10:13 AM, 4th November 2022, About 5 months ago 15
The scale of the situation for landlords having to improve their rental properties to meet the energy performance certificate (EPC) standard of C has been laid bare in new research.
According to Shawbrook, seven in 10 (71%) landlords in the UK still own rental properties with an EPC rating of D or below.
Their study also reveals that only a quarter of landlords’ portfolios contain properties that all meet the C target for energy efficiency.
Nearly four-in-ten (38%) only have properties that are rated D or below.
Property118.com has previously revealed that most landlords with properties below a C rating will have to spend thousands of pounds to bring them up to standard.
And readers have highlighted that BTL mortgage lenders are increasingly looking at the EPC rating of a property – though there is no legislation that states that properties must meet this standard by 2025, as many believe.
While landlords are currently able to let homes which have an EPC rating of D and above, standards are widely expected to become tougher.
The government has previously set out an ‘aspiration’ for a minimum C rating in England and Wales by April 2025.
Future legislation could see landlords unable to take on new tenants or face fines if they fail to comply with the changes.
Landlords estimate that bringing the average property up to a C standard would cost them almost £2,000.
However, there is a concern that with the cost of labour and materials going up, landlords could be underestimating the cost of the work.
The research shows that 79% of landlords with a mortgage have at least one property rated D or below, indicating a role for lenders in making efficiency improvements.
Shawbrook is continuing to offer EPC-related discounts as part of its commitment to sustainability in the rental sector.
The findings are part of Shawbrook’s second EPC report which explores the current EPC challenge, including the role of the cost-of-living crisis in driving change.
It also investigates the knowledge gap and the role of government and the wider industry to support landlords in improving efficiency.
Emma Cox, the managing director of real estate at Shawbrook, said: “It’s likely that efficiency standards will become tougher in the future, which is just one of the reasons that landlords should take note of these proposals and start making a plan.
“Landlords should know that they are not alone in this.
“Lenders, including Shawbrook, are working hard to help drive awareness of regulatory change, support with creative product options, and offer practical support to customers and partners.”
Ms Cox added: “Standard products like bridging finance can also play a role in securing the future of the sector.
“During such a challenging period for the UK in general, we remain committed to bringing together all industry stakeholders to develop the conversation around EPCs, and to make real progress towards our shared goals.”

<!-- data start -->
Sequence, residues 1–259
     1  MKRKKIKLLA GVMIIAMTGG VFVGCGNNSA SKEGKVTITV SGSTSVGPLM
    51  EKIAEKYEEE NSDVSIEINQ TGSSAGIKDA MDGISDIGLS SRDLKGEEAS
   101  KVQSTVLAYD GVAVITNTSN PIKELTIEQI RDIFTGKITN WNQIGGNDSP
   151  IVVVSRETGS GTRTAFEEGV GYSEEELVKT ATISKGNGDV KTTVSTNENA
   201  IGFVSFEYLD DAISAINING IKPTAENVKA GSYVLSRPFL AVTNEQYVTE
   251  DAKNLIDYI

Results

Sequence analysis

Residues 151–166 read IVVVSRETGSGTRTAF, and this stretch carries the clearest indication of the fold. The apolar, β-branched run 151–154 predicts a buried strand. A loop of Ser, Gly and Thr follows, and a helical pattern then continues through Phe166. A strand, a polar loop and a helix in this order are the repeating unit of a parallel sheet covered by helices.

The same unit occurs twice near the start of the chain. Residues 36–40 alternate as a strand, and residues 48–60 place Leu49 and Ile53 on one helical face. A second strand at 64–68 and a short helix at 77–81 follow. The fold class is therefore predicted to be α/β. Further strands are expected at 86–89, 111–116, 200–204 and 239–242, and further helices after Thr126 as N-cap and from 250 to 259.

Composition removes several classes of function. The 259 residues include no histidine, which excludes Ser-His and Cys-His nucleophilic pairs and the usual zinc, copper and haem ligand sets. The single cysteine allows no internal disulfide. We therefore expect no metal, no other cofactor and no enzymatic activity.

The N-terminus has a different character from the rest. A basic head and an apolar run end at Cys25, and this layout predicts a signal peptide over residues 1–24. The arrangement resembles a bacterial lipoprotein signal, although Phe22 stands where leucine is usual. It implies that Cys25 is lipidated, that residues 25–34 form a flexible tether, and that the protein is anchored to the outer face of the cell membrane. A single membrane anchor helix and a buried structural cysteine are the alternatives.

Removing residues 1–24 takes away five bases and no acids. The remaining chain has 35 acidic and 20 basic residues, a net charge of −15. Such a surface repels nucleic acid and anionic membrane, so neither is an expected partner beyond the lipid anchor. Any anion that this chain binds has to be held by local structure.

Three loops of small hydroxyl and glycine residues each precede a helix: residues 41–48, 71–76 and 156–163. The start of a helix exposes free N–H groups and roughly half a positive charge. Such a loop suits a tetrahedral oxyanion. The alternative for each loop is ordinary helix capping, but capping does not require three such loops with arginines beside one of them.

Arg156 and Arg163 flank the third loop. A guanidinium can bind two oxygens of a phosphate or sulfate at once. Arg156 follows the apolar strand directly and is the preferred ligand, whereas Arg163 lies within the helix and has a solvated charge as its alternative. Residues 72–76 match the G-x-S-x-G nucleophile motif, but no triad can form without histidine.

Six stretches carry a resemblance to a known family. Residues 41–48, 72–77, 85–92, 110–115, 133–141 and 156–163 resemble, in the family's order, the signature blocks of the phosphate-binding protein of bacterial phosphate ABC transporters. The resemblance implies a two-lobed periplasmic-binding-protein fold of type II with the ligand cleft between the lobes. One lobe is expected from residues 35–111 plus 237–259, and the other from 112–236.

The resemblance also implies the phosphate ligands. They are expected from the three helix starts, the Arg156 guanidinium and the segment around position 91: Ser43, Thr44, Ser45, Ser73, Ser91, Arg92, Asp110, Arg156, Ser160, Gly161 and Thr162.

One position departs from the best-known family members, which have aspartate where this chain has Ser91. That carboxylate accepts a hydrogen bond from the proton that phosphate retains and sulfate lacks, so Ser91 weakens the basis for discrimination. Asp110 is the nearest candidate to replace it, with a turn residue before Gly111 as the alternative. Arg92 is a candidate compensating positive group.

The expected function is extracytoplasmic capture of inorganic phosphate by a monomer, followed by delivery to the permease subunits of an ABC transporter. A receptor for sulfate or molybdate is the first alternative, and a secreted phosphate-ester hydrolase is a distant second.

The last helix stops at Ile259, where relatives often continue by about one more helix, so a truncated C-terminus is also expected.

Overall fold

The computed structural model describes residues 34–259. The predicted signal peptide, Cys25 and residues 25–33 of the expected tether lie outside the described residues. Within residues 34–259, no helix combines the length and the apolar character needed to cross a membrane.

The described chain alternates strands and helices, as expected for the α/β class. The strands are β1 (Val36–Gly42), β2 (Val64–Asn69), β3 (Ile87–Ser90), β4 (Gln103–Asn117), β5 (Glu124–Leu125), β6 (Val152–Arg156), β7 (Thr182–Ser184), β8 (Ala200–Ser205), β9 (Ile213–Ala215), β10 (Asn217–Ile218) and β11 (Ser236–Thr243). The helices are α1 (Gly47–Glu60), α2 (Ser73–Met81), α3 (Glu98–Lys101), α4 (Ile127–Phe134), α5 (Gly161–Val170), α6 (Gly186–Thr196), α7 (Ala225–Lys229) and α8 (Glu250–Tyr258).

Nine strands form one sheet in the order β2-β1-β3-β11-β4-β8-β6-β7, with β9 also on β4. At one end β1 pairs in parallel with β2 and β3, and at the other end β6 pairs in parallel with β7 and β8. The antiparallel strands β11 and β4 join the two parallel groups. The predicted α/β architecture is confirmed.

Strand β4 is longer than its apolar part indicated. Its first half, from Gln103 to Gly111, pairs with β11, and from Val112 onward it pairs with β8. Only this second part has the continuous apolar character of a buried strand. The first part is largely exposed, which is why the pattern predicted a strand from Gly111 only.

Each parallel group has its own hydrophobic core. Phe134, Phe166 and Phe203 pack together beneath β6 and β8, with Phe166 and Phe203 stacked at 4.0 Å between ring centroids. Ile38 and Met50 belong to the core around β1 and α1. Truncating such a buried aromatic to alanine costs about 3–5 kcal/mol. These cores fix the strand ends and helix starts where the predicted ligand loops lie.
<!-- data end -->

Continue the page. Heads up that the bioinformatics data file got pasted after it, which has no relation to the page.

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22:54 PM, 5th November 2022, About 5 months ago
Reply to the comment left by Jireh Homes at 05/11/2022 - 09:56
That sounds like a great place to start. Thank you.
22:59 PM, 5th November 2022, About 5 months ago
Reply to the comment left by Robert McPhee at 05/11/2022 - 10:22
Thank you for your experience re EPC.
It sounds much worse than my EPC journey. I hope we can get clarity soon, so we have a chance to try and reach the 2025 targets.
23:07 PM, 5th November 2022, About 5 months ago
Reply to the comment left by Denise G at 05/11/2022 - 10:44
Interesting thought but I have been advised at 2 property events I have attended in last 4 months that I shouldn’t leave my improvements until the last minute..
I am confused but encouraged that I am not alone and others have negative comments to make about the EPC set up and inconsistent reports?
14:08 PM, 6th November 2022, About 5 months ago
Thankfully my properties are all C's but they have fingertips on the edge!!
However, the big mystery is how the EPC program works, for example, if 50% my light bulbs are LED and I increase it to 100% what would be the effect on scoring? Or increase my loft insulation from 100mm to 270mm?
A colleague was told by an EPC assessor to increase the loft insulation from 100mm to 200mm and said it's not worth going to 270mm as it gives little or nothing the program, despite in reality being good for reducing bills.
Does anyone have info, or a link to a website that would give this sort of detail.
14:30 PM, 6th November 2022, About 5 months ago
Also, in my experience the properties with the lowest EPC are council or housing trust owned. My sons friend moved into a council flat and they gave them the EPC and it was a mid-range G but it doesn't matter as they are EXEMPT from the forthcoming potential C minimum.